This pest feeds on the roots of brassicas in your garden. Find out how to identify and treat Cabbage Root Fly.

Cabbage root fly maggots feed on the roots of vegetable brassicas. Examples include cabbage, cauliflower, Brussels sprout, swede, turnip, radish and Asian greens.

What is Cabbage Root Fly

Adult cabbage root flies look like a smaller grey-coloured version of the common house fly.

Maggots from the hatched eggs laid by the female are white, legless and headless. And they feed on the roots of the plants before tunnelling up into the main stem.

The maggots doing this can kill the seedlings it invades.

How to spot Cabbage Root Fly

The main symptom early in the season is wilting of young plants as the small, white maggots eat into the main root of the plant.

The adult lays eggs on the soil surface close to the plants from late spring and successively throughout the summer.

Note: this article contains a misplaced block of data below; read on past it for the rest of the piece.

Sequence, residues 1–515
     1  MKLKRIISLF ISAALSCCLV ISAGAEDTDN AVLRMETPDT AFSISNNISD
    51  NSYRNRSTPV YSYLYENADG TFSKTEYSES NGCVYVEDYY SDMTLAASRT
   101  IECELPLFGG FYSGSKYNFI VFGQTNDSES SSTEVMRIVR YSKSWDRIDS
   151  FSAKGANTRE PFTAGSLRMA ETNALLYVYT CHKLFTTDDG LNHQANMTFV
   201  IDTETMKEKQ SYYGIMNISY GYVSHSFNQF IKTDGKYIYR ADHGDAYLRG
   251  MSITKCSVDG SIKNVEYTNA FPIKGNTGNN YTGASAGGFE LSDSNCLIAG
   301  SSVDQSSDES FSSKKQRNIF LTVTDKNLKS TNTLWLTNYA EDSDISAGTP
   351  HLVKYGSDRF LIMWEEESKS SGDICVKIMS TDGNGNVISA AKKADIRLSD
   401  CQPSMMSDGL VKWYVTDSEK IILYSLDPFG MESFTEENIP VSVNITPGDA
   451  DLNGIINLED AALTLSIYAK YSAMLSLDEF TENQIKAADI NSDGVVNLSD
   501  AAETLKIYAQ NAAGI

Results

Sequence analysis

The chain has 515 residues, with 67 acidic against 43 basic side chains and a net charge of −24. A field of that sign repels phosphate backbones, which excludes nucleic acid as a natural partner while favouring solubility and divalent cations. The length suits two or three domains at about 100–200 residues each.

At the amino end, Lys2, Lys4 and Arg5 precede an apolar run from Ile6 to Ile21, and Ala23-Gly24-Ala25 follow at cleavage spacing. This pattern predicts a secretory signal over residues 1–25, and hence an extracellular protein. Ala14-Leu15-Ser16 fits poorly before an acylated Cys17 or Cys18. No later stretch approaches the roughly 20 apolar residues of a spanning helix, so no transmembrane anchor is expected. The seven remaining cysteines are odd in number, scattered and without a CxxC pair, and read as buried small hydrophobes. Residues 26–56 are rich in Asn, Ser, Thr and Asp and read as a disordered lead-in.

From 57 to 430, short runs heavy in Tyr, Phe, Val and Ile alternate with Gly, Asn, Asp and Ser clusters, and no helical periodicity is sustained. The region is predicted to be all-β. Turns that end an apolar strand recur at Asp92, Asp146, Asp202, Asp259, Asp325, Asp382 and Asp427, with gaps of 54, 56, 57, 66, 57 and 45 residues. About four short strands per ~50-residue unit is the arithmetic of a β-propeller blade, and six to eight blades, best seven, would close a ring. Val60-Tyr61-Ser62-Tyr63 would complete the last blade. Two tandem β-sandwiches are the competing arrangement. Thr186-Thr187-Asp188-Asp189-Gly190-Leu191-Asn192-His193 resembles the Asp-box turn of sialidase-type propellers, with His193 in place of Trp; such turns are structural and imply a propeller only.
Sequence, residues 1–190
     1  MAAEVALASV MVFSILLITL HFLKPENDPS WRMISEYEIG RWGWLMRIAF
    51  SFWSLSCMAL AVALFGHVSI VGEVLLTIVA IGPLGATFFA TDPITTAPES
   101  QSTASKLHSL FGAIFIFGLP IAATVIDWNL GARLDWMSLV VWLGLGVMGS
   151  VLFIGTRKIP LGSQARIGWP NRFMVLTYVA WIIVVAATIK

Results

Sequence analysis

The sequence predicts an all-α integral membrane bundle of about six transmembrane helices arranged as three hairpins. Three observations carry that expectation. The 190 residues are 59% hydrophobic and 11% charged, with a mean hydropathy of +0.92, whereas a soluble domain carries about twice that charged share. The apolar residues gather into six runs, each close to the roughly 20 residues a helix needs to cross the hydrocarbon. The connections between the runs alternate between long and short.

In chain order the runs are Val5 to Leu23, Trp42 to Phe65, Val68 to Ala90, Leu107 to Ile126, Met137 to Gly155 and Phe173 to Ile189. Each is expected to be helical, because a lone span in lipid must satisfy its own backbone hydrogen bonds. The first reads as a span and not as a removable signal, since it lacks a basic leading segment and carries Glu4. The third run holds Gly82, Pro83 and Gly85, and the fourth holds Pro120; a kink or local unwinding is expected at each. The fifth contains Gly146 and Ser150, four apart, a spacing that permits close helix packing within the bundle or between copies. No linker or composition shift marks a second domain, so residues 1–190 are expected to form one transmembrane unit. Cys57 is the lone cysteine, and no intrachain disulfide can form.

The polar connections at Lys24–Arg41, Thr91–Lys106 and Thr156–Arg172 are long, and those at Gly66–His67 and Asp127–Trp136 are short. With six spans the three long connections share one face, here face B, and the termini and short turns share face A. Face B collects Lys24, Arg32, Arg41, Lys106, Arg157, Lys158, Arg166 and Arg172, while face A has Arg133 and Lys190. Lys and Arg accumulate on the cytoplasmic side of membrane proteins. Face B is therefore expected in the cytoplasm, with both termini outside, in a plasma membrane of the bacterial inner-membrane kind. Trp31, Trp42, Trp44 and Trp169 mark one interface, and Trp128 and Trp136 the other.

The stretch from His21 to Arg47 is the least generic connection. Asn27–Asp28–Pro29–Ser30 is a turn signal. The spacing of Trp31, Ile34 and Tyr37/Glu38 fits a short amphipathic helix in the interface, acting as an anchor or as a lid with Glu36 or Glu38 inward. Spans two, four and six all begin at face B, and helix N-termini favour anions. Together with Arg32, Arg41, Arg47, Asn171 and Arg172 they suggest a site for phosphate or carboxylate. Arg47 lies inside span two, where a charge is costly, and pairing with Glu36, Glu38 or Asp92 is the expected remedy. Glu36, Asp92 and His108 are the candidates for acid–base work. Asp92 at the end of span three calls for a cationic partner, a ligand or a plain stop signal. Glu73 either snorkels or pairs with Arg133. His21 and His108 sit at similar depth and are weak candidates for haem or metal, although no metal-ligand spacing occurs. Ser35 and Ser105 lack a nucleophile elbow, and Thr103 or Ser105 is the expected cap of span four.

cabbage root fly adult
Cabbage root fly larvae maggots

How to control Cabbage Root Fly

Regularly check plants from late spring and throughout the summer, removing any eggs found.

Brassica collars, (available from Garden Centres and Plant Nurseries), can be placed around the base of the stems of recently planted seedlings. Or you can make your own circle or square shapes, approximately 8-15cm across, using cardboard. Cabbage fly eggs deposited on the collars often dry up and fail to hatch.

Cover seedlings and young plants with insect-proof horticultural fleece or fine-mesh and keep in place until the plants are ready to harvest. Encouraging natural predators such as hedgehogs, birds and ground beetles, is also a great control method.

Biological controls in the form of nematodes are available to buy but these nematodes can also kill other species that are not damaging the plants.

Brassicas protected from cabbage root fly by mesh
Hedgehog in a vegetable/herb garden
Cabbage root fly eggs

Need advice?

If you need specialist advice, I would always recommend you speak to your local garden centre, plant nursery or contact the advisory service of the Royal Horticultural Society. Each of these organisations has expert knowledge that can make pest and disease control so much easier. And when speaking to a garden centre or nursery that is local to you, the chances are they will know whether there has been an influx in pests too.